Trans and Queer BIPOC to the Front!
Black queer people and Black trans people have always been on the front line of justice, from Black Lives Matter, to Stonewall, to the recorded history they deny us. Yet, we are often the last people included in the goals and outcomes of that justice. It has long been proven that intersectionality is what makes a movement, and thus it must be included in our visions for the future.
Often as a trans artist I am asked to offer my face, my body, my voice to an institution without any recognition on their behalf of what it means for my body to be there. Everything I participate in is a negotiation with myself, and with a power dynamic beyond my control. Why is it that nobody has thought of me, before I arrived? It makes my inclusion feel like a chore at best, a burden at worst. I have to think about the costuming, the casting, the advertising, even where I will use the bathroom in advance. Nobody will do that work for me. Only in situations where I have had a mature, queer (usually also trans) leader have any of these things been considered before. As an emerging artist who has railed against what I previously viewed as willing suppression of sexuality from my elders, seeing these quiet, systemic showings of care has eroded my perspective.
For far too long, there has only been one kind of queer or genderqueer story told, which creates a false narrative of homogeneity in the storytelling and a false impression of a monolithic perspective. Thankfully, we are living in a moment where there is steadily growing visibility among queer and genderqueer storytellers — and with each Pulitzer, NAACP, Oscar, Emmy, and Tony Award won by black queer and genderqueer artists, a new shard in the kaleidoscope of our rich, multiplicous experience gets revealed to the world. As we continue to push for necessary and transformative change in our world and in our workplace, it is key that queer and genderqueer artists have agency around their own storytelling — including a necessary conversation around passing and unpacking the ways in which that has granted some artists greater access than others. The longer we stare directly into the monstrous face of White Supremacy, the easier we notice its bastard children, chief among them sexism, homophobia, and transphobia.
Part of our collective liberation from a white supremacist system is an understanding that we can reject the hetro-pressive binary of how gender and sexuality are portrayed in the theatre. We’ve all heard the stories of queer and genderqueer actors being told that they were ‘too this’ or ‘not that enough’ for a role. Only to have the role go to a straight or cis-gendered actor — even pieces written, directed, or produced by queer artists. And we certainly don’t need to tell you that the telling of these stories are our artistic inheritance from our forebearers — we don’t owe a prescribed performance of our identity to anyone — least of all cis, straight, white producers or directors or audiences. When we walk into a room, we walk in on the shoulders of those who came before, and hopefully, when we leave, we’ve cleared some brush from the path for the generation coming after us.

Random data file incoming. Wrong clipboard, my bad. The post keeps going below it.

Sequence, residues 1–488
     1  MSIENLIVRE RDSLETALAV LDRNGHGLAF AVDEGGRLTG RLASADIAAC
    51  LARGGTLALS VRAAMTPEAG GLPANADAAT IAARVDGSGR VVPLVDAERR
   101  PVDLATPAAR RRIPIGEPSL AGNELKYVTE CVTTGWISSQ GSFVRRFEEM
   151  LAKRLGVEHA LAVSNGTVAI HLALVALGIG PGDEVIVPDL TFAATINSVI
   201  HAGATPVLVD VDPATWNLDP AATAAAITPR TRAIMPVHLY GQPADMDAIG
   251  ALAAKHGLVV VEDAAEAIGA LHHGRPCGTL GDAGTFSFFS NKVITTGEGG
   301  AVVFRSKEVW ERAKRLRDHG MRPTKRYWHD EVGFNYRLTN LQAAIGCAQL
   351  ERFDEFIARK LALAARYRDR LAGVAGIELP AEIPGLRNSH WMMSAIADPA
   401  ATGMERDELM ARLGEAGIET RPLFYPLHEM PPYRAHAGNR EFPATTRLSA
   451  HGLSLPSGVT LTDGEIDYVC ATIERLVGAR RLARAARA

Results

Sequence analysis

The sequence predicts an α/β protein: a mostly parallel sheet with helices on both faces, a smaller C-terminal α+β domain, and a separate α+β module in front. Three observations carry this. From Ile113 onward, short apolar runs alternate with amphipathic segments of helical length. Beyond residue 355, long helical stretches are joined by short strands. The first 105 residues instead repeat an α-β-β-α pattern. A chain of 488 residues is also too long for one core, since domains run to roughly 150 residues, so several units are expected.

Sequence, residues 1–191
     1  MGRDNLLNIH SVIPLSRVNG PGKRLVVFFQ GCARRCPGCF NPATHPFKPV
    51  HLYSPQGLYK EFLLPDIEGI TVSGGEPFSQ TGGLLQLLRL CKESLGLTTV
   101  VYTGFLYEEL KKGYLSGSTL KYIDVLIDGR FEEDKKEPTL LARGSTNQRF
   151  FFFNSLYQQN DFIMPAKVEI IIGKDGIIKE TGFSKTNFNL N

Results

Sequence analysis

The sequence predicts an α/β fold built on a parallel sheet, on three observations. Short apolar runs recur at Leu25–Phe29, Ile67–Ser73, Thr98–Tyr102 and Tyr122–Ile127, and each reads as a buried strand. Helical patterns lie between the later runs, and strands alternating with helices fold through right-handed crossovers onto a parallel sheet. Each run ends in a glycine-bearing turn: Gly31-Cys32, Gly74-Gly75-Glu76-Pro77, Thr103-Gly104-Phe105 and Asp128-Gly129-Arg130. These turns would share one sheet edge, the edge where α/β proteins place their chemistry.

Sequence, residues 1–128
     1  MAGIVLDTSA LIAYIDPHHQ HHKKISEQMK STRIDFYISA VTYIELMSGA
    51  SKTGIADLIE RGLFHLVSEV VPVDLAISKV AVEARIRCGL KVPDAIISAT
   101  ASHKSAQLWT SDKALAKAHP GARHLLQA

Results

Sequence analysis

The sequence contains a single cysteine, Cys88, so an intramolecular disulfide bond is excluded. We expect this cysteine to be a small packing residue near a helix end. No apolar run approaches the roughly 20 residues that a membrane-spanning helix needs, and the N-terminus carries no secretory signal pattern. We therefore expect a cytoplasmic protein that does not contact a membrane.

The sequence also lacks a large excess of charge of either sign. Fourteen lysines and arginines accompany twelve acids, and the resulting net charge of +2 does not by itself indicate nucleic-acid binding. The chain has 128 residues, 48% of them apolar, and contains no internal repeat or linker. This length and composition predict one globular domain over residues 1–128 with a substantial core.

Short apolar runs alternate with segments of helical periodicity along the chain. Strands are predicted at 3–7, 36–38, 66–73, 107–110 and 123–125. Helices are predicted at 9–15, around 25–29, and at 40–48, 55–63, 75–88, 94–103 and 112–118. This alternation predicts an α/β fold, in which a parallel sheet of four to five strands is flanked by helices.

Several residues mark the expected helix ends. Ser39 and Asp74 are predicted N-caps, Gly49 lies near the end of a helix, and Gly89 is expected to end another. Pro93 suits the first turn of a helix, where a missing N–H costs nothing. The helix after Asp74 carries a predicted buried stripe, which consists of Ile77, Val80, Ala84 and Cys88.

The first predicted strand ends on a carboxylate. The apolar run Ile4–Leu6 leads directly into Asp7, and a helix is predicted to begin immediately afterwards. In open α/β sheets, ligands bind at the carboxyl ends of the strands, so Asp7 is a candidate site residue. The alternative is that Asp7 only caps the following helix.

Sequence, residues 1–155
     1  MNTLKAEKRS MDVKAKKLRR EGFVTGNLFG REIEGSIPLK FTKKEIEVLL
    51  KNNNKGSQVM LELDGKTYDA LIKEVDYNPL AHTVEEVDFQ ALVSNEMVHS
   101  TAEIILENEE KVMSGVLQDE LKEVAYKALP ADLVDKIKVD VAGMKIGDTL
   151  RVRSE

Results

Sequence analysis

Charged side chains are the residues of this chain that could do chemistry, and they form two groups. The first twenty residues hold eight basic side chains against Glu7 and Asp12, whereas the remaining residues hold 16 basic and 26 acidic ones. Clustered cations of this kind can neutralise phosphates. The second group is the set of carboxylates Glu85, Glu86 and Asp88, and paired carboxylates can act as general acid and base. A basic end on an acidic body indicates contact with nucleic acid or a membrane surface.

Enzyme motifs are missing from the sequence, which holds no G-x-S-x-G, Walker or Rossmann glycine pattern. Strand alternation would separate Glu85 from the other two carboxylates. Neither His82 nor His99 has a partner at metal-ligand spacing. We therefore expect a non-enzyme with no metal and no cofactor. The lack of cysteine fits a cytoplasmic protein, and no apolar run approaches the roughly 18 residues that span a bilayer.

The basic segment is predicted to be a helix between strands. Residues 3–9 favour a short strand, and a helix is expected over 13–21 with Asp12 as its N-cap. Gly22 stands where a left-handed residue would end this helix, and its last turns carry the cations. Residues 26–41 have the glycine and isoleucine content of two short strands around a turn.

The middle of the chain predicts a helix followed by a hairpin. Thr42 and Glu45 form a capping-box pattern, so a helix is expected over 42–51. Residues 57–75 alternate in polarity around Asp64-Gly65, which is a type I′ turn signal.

There is absolutely no space to be critical of those who do not center their artistic or professional identities on or around their queerness, but no matter how we present, we must all be dedicated to opening the doors for those who do wish to center their queerness.There may not have been the freedom to live in a space of pride consistently while building our careers. It has been an ugly and painful suppression, a negotiation that has cost so many so much. Now, countless emerging artists are benefiting from these very queer legacies, crafted in the darkness and built in the light for those coming up behind to see. If you were robbed of living as fully as you would have hoped, show compassion to your resentment, or anxiety about those leading with their queerness. You learned being out was dangerous. However, it is not an excuse to gate keep artists who are trying to build with and beyond you. As we continue to resist oppressive systems, also resist furthering the isolation and othering you fought through to get to your leadership role. Many who are leaders in the field have some element of code switching available to us, BIPOC and queer leaders alike, identity centered or otherwise.
We are entering an era of making space not just for other BIPOC queer artists, but WITH them. Invite young queer makers into your leadership ranks, who are willing to say the thing you could not, even if it is frightening at first. Emerging artists, learn what change has been achieved so you can design your own path forward. Let us make space for us, with each other. We cannot compromise our way into a revolution. Diversity in leadership for BIPOC Queer artists means some of us are able to be on the front lines of advocacy and naming needs, while others are positioned to get things done.
You may not lead with your queerness but there is someone who does. And by including that in your institutional conversation you are making space for those people, who will in turn make space for you. We can’t compromise our way into revolution!!
As Trans artists, as queer artists, our bodies are not a political statement, but we are a political body. No matter how our individual bodies are carried or dressed, we have the potential to enact liberation for each other. As a community, we have the power to protect, and the power to provide for ourselves. Let us once and for all declare that a BIPOC liberation is a liberation of the queer and trans BIPOC community. We ain’t free til we all get free.